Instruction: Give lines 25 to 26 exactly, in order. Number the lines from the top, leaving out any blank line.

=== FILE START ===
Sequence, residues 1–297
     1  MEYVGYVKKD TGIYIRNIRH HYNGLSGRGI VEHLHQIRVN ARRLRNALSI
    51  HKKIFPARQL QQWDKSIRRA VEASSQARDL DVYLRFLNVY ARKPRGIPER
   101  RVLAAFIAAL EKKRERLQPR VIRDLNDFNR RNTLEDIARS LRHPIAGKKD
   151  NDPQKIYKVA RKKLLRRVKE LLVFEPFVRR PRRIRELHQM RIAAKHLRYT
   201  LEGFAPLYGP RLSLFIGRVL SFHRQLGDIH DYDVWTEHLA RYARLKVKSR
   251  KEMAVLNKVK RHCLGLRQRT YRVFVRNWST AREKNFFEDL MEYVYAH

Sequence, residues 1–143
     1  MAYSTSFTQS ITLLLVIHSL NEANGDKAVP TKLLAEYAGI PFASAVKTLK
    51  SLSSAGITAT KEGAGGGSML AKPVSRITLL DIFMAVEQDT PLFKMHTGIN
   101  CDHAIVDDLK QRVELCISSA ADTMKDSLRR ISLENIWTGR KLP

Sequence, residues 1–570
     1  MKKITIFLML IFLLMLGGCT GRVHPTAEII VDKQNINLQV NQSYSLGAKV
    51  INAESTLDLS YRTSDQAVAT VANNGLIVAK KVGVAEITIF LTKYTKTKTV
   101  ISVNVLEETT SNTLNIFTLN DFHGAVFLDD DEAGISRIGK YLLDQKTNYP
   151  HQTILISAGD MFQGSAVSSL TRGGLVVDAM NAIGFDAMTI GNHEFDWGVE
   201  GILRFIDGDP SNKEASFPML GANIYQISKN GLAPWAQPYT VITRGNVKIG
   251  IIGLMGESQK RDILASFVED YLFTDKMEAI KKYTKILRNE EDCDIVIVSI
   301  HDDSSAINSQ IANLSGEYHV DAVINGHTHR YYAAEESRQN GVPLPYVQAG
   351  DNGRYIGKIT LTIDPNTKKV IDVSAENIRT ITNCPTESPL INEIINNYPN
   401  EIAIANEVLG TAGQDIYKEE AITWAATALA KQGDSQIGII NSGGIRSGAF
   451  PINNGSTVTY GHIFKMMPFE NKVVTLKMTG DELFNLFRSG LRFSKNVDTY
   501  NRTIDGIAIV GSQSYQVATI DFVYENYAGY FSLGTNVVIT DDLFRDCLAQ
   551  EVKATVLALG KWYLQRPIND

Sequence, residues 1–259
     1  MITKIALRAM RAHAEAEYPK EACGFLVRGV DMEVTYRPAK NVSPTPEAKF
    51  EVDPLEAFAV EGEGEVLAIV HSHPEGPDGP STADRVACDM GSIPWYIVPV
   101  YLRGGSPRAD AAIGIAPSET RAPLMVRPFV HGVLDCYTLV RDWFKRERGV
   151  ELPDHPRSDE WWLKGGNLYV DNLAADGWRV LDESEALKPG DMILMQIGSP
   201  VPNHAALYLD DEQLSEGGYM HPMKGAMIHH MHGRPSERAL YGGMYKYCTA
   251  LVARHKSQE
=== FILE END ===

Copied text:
Sequence, residues 1–259
     1  MITKIALRAM RAHAEAEYPK EACGFLVRGV DMEVTYRPAK NVSPTPEAKF